Thursday, 14 June 2012

6 ways to converting Nervousness into Confidence in presentations

Maria Clews and Hugh Alford- coaches for Effective Business Presentations

You may think that you cannot speak publicly because of nervousness but ALL GOOD SPEAKERS ARE NERVOUS. 

There will be a touch in the 'scream' in all speakers with nerves

Mari Clews and I have just finished an effective presentations programme for one of the major high street banks but for their Corporate business side. (No names but the bank was founded in 1727 in Edinburgh !)

Maria ran a programme in Manchester and I ran one in City of London. Both of us were impressed by the courage and application of the delegates.

Presentation courses can be stressful for the folk who attend .

Initially they can be quite nervous and apprehensive.

So we draw  a scale at the start of the course on flip chart and ask the delegates to gauge their level of confidence and comfort at the start of the programme and mark it on the scale.

Scale of Comfort and Confidence

By the end of our course delegates have shifted more to the right hand of the scale. Of course Maria and I just suggest some tips and techniques along the way - but it is the delegates who make those techniques work for them.

The psot course feedback we got included:- 

 "Very well delivered.. Enjoyed the variety of styles ie visual, debates stories, analogies etc"
"Excellent - really good quality and very interesting and relevant"

"Very useful feedback on presentations"

"Hugh was great – Clearly knew his topic and shared his knowledge"
"Really enjoyed the two days + found it useful and relevant"

"The two days really worked"
"My confidence has really improved in such a short period of time with easy to pick up tips"
These comments are great for both Maria and I, yet we know  if you stop being nervous completely you don’t care about your audience any more –and  it’s time to give up! 

Nervous tension is not good but nervous excitement is important. 
The key is to control those nerves * nervous tension) and make them work for you (nervous excitement). 

Traffic light -good advice from actors
- Detail of the poster campaign form RADA
Royal Academy of Dramatic Art -
Campaign on the London Underground ( The 'Tube')
Here are five techniques which Maria and I know can help you just as they did for the groups we worked with this week.

   1. Tension should be released first in your lungs:

  Replace short panicky breathing with slow, deep breathing - do this through your nose to prevent your throat drying out prior to speaking.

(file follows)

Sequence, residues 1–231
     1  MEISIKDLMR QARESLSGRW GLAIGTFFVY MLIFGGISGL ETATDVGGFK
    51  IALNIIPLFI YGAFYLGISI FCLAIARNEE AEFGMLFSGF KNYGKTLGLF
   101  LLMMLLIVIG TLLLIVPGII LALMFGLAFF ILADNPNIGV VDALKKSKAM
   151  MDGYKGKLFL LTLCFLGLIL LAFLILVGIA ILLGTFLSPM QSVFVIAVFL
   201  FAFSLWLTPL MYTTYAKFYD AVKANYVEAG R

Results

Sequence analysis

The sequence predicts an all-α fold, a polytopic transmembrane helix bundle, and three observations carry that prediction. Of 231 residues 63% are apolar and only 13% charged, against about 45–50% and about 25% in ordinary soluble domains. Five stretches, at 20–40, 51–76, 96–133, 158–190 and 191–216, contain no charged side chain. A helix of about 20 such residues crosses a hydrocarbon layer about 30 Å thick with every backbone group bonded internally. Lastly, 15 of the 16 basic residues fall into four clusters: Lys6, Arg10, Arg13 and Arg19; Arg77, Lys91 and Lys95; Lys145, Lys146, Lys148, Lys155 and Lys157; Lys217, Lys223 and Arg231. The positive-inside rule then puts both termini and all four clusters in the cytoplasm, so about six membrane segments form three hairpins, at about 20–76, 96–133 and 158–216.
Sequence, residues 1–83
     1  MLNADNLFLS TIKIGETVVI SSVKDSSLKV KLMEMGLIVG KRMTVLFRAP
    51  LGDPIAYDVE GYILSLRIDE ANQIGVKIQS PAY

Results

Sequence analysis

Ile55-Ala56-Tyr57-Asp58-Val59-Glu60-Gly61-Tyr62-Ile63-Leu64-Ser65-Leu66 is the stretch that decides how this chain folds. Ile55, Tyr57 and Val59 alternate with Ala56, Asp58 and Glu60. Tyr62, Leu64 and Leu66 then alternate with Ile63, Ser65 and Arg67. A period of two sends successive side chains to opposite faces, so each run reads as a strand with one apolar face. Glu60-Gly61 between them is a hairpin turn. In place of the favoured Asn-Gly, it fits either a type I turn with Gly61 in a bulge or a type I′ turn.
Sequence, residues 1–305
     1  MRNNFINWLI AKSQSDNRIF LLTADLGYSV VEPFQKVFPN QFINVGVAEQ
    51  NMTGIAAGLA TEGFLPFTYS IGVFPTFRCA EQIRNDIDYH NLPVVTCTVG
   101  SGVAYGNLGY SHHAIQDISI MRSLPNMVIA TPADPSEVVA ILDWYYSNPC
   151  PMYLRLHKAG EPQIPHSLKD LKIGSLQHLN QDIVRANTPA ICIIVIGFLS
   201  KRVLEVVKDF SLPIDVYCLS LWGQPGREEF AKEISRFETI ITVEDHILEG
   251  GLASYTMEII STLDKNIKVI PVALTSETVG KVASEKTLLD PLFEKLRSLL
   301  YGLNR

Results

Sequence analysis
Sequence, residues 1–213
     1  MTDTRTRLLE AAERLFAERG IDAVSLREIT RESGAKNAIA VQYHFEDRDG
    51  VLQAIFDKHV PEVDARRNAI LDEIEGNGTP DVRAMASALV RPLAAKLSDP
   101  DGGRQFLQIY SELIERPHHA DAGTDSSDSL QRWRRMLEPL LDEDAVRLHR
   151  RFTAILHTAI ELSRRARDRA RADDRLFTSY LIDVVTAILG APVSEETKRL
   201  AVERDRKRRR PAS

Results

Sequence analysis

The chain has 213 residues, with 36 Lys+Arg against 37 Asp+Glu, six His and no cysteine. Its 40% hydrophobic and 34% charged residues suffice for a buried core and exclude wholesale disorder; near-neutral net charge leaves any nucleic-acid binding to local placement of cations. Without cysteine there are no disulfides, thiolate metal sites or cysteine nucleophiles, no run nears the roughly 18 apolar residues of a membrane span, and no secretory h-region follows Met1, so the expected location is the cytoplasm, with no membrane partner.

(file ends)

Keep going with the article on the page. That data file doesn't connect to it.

This can be done quite unobtrusively as you are being introduced.

      2. When the introductions are over:

   Slow yourself down a bit if you are inclined to rush in clumsily

     a. take your position
   b. clear the lectern and desk if necessary,
   c. arrange your confidence cards/ notes and visual aids
d. generally make yourself comfortable with your space before looking at the audience.

When you're ready to take command, relax your shoulders and feel the tension drop off them - your whole body will feel the benefit of this simple exercise and if your body feels relaxed, then you will too.

Smile ( particualrly with your eyes)  at the audience generally, or at individuals you have met beforehand.

     If you convey some degree of warmth for them, they are more than likely to return the compliment.

       3. When you have their full attention, and only then, you may commence your presentation:

Some individuals find the sound of their own projected voice quite unsettling initially and you should be prepared for this phenomena. It is only off-putting if unexpected.

Again you may encounter a build up of nerves at this point so:

4. Know exactly how you intend to start.

Like a swan look serene above the waterline

5. Commence with your presentation with

a. “glide in introduction/greeting ,” good morning/ afternoon/ evening ladies and gentlemen,
b. introduce yourself,
c. follow up with an attention “Grabber” and the “Billboard” and get quickly into the meat of your presentation.

For ideas on openers to presentations see this link.

6. Have an early visual built into your presentation so that your audience take their eyes off you for a few moments to let you collect yourself.

If you are using PowerPoint slides you can project a slide. 

 If using a flichart you can draw something and attention moves form you to the flipchart. 

 If you are going to guide them throuh a page numbered handout the same principle helps take the spot liht off you for few seconds.

Now your nerves are under control enjoy your presentation.

Good Luck from Maria and Hugh ( me)

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